In today’s market, it is imperative to be knowledgeable and have an edge over the competition. ACI members have it…they are engaged, informed, and stay up to date by taking advantage of benefits that ACI membership provides them.
Read more about membership
Become an ACI Member
Founded in 1904 and headquartered in Farmington Hills, Michigan, USA, the American Concrete Institute is a leading authority and resource worldwide for the development, dissemination, and adoption of its consensus-based standards, technical resources, educational programs, and proven expertise for individuals and organizations involved in concrete design, construction, and materials, who share a commitment to pursuing the best use of concrete.
American Concrete Institute
38800 Country Club Dr.
Farmington Hills, MI
Chat with Us Online Now
Feedback via Email
Home > Publications > International Concrete Abstracts Portal
The International Concrete Abstracts Portal is an ACI led collaboration with leading technical organizations from within the international concrete industry and offers the most comprehensive collection of published concrete abstracts.
Title: Properties of Mortar andConcrete Using Red Mud and Finely Ground Silica
Author(s): K. Kohono
Publication: Special Publication
Appears on pages(s): 1103-1120
Keywords: air entrainment; chlorides; concretes; drying shrinkage; fineness; mortars (material); silica; steam curing; strength; sulfate resistance; Materials Research
Abstract:The properties of mortar and concrete using the mineral admixture consisting of red mud and finely ground silica were investigated in order to use effectively an industrial byproduct from a chemical factory. This paper reports on the effects of five mixing ratios of red mud to finely ground silica on flow value and air content of fresh mortar, compressive strength, resistance to chloride penetration, and sulfate resistance of hardened mortar compared with those of plain mortar. Secondly, the compressive strength and the drying shrinkage of concrete specimens cured at 20 C in water and a steam chamber at the maximum temperature of 65 C were investigated on the concrete using the admixture consisting of five percent red mud and five percent finely ground silica and 10 percent finely ground silica only. The substitution was 10 percent of cement. The flow value of mortars tends to decrease with an increasing rate of red mud content, when the substitution of the mineral admixture for cement is 50 percent. The air content of fresh mortar becomes maximum when the mixing ratio of red mud and finely ground silica is equal. The compressive strengths of mortars containing red mud are lower than that of plain mortar at each age. The mortars containing finely ground silica exhibit higher strength from seven to 28 days. The resistance to chloride penetration and the sulfate resistance of the mortars are clearly improved by the use of this mineral admixture. The compressive strength of concrete at each age using red mud as a single admixture increases slightly when compared to concrete using the admixture consisting of red mud and finely ground silica. The drying shrinkage of the concrete using this admixture is higher than that of plain concrete, and the shrinkage is slightly reduced by the adoption of steam curing.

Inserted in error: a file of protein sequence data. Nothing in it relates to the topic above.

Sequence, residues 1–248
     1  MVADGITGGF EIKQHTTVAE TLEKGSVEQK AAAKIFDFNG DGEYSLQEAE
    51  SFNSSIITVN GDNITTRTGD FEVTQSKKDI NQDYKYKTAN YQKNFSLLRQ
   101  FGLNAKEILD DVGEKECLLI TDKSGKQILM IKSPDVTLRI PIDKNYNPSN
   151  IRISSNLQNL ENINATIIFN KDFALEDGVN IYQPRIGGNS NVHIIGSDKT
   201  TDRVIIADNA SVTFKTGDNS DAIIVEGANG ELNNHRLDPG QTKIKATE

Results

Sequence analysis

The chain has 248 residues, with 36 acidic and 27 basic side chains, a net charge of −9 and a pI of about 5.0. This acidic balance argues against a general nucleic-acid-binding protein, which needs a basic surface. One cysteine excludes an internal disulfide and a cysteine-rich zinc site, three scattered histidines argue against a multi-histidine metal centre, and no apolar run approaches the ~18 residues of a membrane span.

Click here to become an online Journal subscriber